I was glad that I had done my homework. It helped whenever tensions arose. It was a safeguard against the temptation of contributing to the problem, and even against unintentionally causing problems through careless remarks. The preparations made me mentally ready to help defuse some tensions as they arose during the course of conversation. I'd recommend this kind of "thankful list" as preparation to anyone who attends family gatherings, and especially if tension is common.
The notes on my "thankful list" are short because I wrote them on an index card. I read the card just before leaving home, and then again right before I went into the host's home. Though the notes are short, for some people I could have easily made a long list of reasons I was thankful for them. For most, I could have listed more reasons than I put on the card.
- Always there for his children
- Stood by her husband through thick and thin (for 2 people)
- Has never said an unkind word to me
- Is a delight to her father
- Never gave up, and kept trying and trying again, through some long and dark years
- Kind to her dogs
- Kind to her neighbor
- Can speak her mind with good-humor and tact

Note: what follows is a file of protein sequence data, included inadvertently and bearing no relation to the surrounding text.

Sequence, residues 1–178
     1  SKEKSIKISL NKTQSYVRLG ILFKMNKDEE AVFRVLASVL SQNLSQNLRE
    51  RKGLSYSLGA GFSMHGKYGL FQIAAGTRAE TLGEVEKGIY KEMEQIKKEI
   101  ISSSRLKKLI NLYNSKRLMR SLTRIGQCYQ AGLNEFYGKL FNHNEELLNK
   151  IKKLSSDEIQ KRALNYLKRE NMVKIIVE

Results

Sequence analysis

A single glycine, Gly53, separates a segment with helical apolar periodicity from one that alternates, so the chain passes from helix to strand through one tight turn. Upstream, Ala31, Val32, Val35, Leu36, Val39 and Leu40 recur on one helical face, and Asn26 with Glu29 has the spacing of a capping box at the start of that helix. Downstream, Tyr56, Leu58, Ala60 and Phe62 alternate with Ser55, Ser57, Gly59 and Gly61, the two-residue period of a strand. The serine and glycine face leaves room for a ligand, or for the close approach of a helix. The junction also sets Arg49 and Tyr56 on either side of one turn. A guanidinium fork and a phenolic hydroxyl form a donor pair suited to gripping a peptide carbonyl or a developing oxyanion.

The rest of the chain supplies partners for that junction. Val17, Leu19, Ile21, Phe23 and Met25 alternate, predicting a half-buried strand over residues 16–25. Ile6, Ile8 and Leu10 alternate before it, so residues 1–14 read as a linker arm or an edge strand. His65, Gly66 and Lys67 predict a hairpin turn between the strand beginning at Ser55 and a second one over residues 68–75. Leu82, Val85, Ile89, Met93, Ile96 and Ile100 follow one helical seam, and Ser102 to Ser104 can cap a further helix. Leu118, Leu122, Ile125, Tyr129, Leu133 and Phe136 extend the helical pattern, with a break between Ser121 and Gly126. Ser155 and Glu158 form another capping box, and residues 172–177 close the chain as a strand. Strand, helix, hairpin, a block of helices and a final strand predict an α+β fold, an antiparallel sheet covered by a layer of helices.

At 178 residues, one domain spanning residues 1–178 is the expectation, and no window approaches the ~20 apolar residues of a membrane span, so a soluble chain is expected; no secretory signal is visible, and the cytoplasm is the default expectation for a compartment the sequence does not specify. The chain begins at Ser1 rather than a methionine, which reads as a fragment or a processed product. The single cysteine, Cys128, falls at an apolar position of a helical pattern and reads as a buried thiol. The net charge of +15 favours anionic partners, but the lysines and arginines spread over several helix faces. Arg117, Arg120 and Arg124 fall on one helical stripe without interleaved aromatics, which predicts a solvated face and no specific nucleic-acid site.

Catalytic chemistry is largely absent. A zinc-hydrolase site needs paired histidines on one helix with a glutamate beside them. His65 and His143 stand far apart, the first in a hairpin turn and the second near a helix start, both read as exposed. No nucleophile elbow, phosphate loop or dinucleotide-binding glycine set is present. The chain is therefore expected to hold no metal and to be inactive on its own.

- A good and steadfast friend to his friends
Every conversation has its subtext -- the unspoken things that are the background and reason for what is spoken aloud. While it would have been awkward to say those "Thanksgiving Challenge" thoughts aloud, it helped to have those thoughts in mind as the subtext behind my own comments. I think, in its own small way, it helped the general tone of the conversation.
Another benefit, though slightly sadder: some of the older people in attendance had lost health to a startling degree in the time since I last saw them. (This is especially so for some "friends of the family" of the host's family, that I may see only once or twice a year.) It was good to know in advance why I was thankful for them, when poor health did not permit them to be their usual selves this year. It enabled me to treat them with the respect that they had earned during their years of fuller health. Honest respect can take away the sting of needing help.